These inconsistencies should be enough to sink the policy which, as the letter notes, has lately been repudiated by the major blood banking organizations, most significantly including the Red Cross. But the problems are much deeper and more serious than even the letter recognizes. A few years ago, I discussed the issue in detail in this law review article. Here, I’ll summarize the arguments I made there that weren’t explicitly raised in the letter.

First, while the CDC is careful to distinguish behavior — men having sex with men — from identity, the FDA policy undermines this sound epidemiological distinction by effectively collapsing the two. By excluding any man who’s had any kind of “sex” (not defined!) with even one other man during the past thirty-plus years, the FDA has created a policy that isn’t about relevant behavior, but about some weirdly expansive view of (gay) sexual orientation. Because if it were about behavior, the line would have been drawn in an entirely different place; say, for a year after specifically identified, high-risk behavior.

Second, the policy undermines trust in public health in a few related ways. Obviously, as a practical matter the policy isn’t enforceable, and the sheer breadth of it has doubtless caused many to ignore it. People aren’t stupid: Gay men who know they have an HIV-negative serostatus might give blood, understanding that they pose no threat. (According to this very unscientific poll over at 365gay.com, almost 200 of 800 respondents admitted to having lied about their sexual practices on the questionnaire.) But by attempting to fence them out, the FDA has sent gay men an unwelcome message that could undermine the community’s trust in other ways. One important public health principle is that it recognizes the long-term value of respecting the dignity of all populations.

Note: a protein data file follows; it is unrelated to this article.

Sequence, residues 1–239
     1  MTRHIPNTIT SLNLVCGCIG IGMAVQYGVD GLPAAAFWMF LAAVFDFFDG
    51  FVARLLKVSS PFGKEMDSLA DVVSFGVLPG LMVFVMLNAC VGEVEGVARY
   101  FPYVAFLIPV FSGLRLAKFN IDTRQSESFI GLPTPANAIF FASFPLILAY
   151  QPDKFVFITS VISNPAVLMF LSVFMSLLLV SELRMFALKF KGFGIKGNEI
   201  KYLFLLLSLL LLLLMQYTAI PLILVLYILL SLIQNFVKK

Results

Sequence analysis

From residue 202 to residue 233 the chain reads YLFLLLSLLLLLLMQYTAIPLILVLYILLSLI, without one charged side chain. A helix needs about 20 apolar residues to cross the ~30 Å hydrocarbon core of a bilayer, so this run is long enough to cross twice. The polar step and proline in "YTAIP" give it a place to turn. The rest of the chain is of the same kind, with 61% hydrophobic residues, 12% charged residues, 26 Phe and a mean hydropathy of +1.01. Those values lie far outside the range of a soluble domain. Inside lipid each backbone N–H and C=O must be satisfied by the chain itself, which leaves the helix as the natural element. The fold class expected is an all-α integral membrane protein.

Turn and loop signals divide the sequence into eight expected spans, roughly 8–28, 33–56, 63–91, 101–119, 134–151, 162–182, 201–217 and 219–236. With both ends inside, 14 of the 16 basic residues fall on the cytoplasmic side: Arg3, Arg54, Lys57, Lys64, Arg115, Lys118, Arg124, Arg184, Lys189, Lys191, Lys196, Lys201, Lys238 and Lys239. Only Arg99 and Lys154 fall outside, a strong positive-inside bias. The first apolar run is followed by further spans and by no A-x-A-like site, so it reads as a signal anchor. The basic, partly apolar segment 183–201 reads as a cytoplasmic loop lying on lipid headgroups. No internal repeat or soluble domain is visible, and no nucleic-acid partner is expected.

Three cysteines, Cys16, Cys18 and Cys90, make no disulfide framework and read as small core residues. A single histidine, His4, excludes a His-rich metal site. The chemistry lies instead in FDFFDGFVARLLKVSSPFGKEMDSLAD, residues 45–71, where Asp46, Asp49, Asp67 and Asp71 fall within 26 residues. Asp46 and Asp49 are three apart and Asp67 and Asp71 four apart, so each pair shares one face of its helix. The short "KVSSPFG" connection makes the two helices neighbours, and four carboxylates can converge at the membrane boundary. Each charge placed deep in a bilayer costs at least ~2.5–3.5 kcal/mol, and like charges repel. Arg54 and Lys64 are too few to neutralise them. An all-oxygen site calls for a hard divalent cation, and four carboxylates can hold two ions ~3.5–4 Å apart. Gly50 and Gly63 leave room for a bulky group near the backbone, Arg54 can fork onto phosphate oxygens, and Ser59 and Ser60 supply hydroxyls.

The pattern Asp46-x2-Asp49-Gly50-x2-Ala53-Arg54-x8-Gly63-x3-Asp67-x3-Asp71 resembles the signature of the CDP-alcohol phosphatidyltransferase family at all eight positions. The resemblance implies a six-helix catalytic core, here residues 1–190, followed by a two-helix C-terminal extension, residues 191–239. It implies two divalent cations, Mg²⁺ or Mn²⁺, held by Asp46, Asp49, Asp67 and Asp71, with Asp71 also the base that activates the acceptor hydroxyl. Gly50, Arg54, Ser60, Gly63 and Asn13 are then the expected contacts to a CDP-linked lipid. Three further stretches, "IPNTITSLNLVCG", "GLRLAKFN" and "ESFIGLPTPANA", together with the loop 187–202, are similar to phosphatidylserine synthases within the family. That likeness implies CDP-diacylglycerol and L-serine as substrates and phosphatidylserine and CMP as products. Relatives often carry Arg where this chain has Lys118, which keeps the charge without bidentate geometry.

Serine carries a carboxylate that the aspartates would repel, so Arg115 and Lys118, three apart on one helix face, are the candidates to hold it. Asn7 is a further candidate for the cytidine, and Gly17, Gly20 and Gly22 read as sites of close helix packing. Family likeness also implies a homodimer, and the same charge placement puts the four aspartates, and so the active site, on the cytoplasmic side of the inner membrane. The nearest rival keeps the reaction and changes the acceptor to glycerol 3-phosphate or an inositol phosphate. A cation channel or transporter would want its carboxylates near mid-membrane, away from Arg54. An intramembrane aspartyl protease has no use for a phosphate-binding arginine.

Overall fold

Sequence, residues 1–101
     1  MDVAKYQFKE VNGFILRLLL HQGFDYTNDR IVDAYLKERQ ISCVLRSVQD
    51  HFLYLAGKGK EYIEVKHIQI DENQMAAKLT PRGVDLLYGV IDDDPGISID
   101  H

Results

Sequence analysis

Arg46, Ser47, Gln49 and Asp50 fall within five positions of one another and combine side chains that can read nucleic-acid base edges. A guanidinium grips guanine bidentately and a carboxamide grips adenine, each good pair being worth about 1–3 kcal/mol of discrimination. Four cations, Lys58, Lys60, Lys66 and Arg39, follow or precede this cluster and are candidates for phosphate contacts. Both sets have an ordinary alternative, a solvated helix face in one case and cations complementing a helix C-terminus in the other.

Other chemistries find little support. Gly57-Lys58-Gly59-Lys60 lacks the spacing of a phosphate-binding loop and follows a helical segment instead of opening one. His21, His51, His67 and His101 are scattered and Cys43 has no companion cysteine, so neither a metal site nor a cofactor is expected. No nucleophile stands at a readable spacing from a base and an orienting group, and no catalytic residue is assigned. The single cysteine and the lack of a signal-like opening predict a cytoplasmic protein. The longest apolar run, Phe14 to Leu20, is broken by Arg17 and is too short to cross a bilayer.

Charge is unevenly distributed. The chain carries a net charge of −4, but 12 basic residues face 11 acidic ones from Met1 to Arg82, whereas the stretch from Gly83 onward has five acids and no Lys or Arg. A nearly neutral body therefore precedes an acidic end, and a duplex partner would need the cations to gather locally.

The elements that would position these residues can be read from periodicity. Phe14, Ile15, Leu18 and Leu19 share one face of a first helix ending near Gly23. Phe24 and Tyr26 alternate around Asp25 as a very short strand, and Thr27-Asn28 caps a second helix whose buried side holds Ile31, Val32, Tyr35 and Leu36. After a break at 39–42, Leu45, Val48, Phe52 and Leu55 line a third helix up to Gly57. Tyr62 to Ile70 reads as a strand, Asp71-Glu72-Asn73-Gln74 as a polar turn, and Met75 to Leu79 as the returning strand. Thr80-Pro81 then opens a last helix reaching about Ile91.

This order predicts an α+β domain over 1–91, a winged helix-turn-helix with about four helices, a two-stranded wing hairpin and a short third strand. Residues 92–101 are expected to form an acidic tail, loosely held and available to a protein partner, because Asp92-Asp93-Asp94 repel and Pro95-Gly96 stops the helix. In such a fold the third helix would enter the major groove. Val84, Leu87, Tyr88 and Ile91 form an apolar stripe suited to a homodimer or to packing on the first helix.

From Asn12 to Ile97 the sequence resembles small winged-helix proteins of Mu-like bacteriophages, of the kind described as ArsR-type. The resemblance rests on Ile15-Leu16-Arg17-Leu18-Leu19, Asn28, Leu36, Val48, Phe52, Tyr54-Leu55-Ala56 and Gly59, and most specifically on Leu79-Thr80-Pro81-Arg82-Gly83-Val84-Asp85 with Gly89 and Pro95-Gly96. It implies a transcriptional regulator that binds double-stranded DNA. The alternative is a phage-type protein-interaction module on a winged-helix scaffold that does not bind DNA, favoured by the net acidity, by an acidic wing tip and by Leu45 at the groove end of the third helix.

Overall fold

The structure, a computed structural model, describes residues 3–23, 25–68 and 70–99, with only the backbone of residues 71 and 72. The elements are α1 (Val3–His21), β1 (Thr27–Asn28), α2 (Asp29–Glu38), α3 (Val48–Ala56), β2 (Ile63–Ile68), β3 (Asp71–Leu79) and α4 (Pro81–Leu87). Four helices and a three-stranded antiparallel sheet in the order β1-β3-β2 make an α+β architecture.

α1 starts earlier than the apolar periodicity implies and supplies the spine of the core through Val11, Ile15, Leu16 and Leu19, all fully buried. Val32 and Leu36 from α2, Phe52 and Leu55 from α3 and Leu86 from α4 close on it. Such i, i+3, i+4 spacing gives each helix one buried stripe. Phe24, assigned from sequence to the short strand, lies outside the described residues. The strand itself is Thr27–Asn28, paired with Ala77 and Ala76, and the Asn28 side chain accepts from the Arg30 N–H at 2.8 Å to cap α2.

Why has the policy persisted for so  long? One argument seems sensible, at first blush: If the exclusion were changed to, say, one year, there would be some infinitesimal increase in the number of HIV-positive blood transfusions (well less than one in a million, it’s estimated), so why do anything to increase the risk? But the “let’s not do anything if there’s a tiny risk of harm” canard — which, by the way, is also prevalent in arguments against marriage equality — wouldn’t be, and hasn’t been, applied to any other category of people, or of conduct. Of course there will be some tiny uptick, not  because of the three-week window period between infection and ability to identify it, which any contemplated new rule would  easily accommodate, but because of the irreducible human error associated with the process: If you add more people, some will get through who should not. But this could be said of any proposal to add donors; it’s just that “MSM” have had such a draconian policy applied to them for so long that the donor baseline is essentially zero for this group.